Programmed necrosis/necroptosis: An inflammatory form of cell death

Book Section

It was not long ago when necrosis was thought to be cell injury caused by nonspecific physical trauma. In recent years, a dedicated pathway that triggers necrosis in response to TNF-like death cytokines, certain toll-like receptors, and in response to viral pathogens was described. Signaling adaptors that contain the RIP homotypic interaction motif (RHIM), such as receptor interacting protein kinase (RIPK) 1 and RIPK3, are key inducers for this form of regulated necrosis, often referred to as programmed necrosis or necroptosis. Genetic and biochemical experiments show that RIP kinase-dependent necrosis and caspase-dependent apoptosis are intimately linked. Unlike apoptosis, necrosis tends to promote inflammation. Emerging evidence indicates that the pro-inflammatory nature of necrosis is a critical driver in a wide range of disease pathologies. In this chapter, I discuss the molecular pathway that controls necrosis and how it contributes to different inflammatory diseases.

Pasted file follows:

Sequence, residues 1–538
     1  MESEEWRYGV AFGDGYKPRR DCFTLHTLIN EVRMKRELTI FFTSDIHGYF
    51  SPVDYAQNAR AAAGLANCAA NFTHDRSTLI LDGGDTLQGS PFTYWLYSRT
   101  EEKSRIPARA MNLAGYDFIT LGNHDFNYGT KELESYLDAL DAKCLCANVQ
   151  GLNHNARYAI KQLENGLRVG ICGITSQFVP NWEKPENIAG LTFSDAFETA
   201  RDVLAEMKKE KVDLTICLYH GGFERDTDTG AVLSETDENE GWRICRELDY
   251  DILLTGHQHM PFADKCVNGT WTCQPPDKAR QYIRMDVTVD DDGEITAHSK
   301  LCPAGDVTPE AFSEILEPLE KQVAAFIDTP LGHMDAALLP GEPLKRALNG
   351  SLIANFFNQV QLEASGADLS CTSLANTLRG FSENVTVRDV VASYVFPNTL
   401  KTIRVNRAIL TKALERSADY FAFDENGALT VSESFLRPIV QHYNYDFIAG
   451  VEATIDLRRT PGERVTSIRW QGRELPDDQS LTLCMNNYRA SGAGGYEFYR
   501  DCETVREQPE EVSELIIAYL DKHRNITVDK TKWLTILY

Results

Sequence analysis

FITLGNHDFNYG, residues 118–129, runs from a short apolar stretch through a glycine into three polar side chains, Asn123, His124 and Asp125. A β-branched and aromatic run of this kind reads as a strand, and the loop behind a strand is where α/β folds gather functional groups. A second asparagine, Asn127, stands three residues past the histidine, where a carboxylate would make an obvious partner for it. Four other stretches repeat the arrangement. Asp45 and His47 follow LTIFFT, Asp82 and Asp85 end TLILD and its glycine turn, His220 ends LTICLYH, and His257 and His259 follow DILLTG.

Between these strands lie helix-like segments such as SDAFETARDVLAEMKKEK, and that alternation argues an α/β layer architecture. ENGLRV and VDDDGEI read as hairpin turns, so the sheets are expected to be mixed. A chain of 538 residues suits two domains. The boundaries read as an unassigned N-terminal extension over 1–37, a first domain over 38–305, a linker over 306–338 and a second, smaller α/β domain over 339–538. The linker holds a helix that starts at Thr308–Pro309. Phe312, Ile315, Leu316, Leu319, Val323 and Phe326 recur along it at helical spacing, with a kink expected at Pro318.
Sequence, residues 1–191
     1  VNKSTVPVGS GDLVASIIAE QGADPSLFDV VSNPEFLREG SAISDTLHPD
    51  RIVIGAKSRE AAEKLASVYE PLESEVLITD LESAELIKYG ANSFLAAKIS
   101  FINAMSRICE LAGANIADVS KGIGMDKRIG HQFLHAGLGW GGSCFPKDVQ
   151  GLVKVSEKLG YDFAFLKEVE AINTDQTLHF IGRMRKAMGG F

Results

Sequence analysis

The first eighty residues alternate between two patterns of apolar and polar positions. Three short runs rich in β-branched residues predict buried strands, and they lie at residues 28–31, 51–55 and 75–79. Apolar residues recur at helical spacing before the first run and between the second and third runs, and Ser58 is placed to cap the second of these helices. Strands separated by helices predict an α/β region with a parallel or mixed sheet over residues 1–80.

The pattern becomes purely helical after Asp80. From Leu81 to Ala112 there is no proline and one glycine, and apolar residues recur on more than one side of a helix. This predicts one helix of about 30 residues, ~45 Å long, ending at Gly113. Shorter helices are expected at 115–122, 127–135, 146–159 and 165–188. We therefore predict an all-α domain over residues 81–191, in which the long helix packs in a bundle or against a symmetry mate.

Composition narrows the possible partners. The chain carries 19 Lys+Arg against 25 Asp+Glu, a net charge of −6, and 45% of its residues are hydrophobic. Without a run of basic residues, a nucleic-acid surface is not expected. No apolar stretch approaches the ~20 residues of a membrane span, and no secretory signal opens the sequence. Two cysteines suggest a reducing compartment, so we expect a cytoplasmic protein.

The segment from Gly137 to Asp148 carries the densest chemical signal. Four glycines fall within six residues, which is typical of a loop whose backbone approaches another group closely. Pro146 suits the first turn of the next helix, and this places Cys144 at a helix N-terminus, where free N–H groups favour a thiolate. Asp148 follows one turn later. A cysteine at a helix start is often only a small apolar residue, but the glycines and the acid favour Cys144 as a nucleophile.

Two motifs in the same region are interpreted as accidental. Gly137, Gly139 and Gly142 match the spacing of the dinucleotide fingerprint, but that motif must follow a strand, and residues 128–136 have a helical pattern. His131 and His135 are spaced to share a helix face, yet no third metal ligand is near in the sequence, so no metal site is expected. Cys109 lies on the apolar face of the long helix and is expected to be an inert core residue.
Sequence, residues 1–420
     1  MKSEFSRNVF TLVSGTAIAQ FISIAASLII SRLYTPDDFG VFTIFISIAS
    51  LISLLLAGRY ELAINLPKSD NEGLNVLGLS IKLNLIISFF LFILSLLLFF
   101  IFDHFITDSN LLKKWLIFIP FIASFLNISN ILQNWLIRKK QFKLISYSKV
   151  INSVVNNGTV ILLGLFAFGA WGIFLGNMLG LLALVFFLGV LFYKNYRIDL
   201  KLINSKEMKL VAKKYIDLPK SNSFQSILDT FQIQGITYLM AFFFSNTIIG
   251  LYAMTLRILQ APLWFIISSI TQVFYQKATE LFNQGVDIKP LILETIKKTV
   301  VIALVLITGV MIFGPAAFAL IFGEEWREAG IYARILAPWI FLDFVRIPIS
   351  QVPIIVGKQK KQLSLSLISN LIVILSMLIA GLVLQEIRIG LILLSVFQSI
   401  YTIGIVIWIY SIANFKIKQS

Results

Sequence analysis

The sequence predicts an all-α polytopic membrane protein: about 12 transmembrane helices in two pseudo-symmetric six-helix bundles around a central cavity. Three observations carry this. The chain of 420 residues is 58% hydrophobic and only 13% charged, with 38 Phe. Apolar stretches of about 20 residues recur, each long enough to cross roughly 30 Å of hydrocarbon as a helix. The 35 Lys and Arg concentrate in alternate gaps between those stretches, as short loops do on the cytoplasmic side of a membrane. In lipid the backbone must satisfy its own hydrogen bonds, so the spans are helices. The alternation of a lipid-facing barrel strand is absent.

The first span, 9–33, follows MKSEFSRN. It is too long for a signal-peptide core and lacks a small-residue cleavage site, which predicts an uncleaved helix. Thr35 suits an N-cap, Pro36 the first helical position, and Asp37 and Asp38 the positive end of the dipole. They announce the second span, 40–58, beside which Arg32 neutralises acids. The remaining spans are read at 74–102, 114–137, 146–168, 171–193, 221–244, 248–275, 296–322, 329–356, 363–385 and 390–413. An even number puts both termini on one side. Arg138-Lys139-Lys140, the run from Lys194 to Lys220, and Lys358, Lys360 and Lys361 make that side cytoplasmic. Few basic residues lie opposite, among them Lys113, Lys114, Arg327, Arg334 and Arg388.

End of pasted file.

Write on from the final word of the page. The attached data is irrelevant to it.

Full Text

Duke Authors

Cited Authors

  • Chan, FKM

Published Date

  • November 1, 2014

Volume / Issue

  • 9781461493020 /

Book Title

  • Cell Death: Mechanism and Disease

Start / End Page

  • 211 - 228

International Standard Book Number 10 (ISBN-10)

  • 1461493013

International Standard Book Number 13 (ISBN-13)

  • 9781461493013

Digital Object Identifier (DOI)

  • 10.1007/978-1-4614-9302-0_10

Citation Source

  • Scopus